“¬P → Q” will only be false when “¬P” is true and “Q” is false. That only happens on the bottom row.
“¬(P ∨ Q)” will only be true when “P ∨ Q” is false. That only happens on the bottom row as well.
The truth table above shows that “¬P → Q” and “¬(P ∨ Q)” are contradictory statements because they’re never both true at the same time.

Equivalent statements

Equivalent statements always have the same truth values. For example, “all humans are mammals and all humans are animals” is logically equivalent to “all humans are animals and all humans are mammals.” “P ∧ Q” is logically equivalent to “Q ∧ P.”
Consider the following two statements:
¬(P ∧ Q)
¬P ∨ ¬Q
We can make a truth table for them:
PQ
P ∧ Q
¬(P ∧ Q)
¬P
¬Q
¬P ∨ ¬Q
TTTFFFF
TFFTFTT
FTFTTFT
FFFTTTT
This truth table shows why they are equivalent—they always have the same truth values. Whenever “¬(P ∧ Q)” is false “¬P ∨ ¬Q” is also false, and they are both always true at the same time.

Valid arguments

An argument is logically valid whenever it’s impossible for the premises to be true and the conclusion false at the same time. They are logically invalid whenever it is possible for the premises to be true and the conclusion to be false at the same time.
Argument 1
Consider the following argument:
  1. Socrates is a human and Socrates isn’t a vampire.
  2. If Socrates is a human and Socrates isn’t a vampire, then Socrates is mortal.
  3. Therefore, Socrates is mortal.
We can translate this argument into the following logical statements:
A ∧ ¬B
(A ∧ ¬B) → C
C
Each letter stands for a specific statement:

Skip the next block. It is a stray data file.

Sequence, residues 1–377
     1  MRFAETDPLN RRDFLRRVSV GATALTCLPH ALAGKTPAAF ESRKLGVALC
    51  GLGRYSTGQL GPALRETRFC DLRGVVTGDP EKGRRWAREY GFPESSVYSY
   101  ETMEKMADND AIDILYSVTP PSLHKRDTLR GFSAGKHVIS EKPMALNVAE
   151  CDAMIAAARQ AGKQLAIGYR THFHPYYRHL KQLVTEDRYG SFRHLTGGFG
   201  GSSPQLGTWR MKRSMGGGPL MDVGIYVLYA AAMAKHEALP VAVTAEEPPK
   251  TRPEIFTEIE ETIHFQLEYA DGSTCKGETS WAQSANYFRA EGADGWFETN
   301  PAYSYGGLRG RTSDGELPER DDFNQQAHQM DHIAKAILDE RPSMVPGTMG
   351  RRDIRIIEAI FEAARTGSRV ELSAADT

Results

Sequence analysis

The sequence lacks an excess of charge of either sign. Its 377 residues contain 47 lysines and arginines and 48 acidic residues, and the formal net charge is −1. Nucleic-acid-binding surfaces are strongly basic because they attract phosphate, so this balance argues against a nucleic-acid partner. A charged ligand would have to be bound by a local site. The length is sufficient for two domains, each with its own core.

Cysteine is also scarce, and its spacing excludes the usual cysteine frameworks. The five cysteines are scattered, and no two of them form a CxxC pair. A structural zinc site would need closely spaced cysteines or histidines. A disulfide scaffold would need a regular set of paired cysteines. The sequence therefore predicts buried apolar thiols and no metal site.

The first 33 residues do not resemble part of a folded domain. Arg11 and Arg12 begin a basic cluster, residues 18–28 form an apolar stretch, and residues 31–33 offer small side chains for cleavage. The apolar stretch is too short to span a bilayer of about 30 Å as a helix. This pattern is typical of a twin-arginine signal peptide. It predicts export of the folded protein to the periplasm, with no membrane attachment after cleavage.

A: Socrates is a human.
B: Socrates is a vampire.
C: Socrates is mortal.
The truth table for this argument is the following:
ABC
¬B
A ∧ ¬B
(A ∧ ¬B) → C
C
TTTFFTT
TTFFFTF
TFTTTTT
TFFTTFF
FTTFFTT
FTFFFTF
FFTTFTT
FFFTFTF
There’s only one spot on the table where both premises are true, and the conclusion is also true. Therefore, this argument is logically valid.
Argument 2
Consider the following argument:
  1. Socrates is an animal.
  2. If Socrates is a mammal, then Socrates is an animal.
  3. Therefore, Socrates is a mammal.
We can translate this argument into logical form:
A
B → A
B
The truth table for this argument is the following:
ABB → AB
TTTT
TFTF
FTFT
FFTF
“B → A” is only false when “B” is true and “A” is false. That’s only on the second row from the bottom.
This truth table proves that the argument is invalid because there’s a row of true premises and a false conclusion.

Now, what about our first argument?, is it valid or invalid:
"they will kill me if I work
and they will kill me if I don´t work
either if I work or I don´t work
They will kill me."

1- firstly we will formalize it:
p= I work
q= they will kill me.
p → q
¬p → q
(p ∨ ¬p) → q
2- then we built the truth table:
pq¬p
p → q
¬p → q
∨ ¬p
(p ∨ ¬p) → q
TT




TF




FT




FF





3- Finally I figure out whether there are any   row where the premises are true and the the conclusion is also true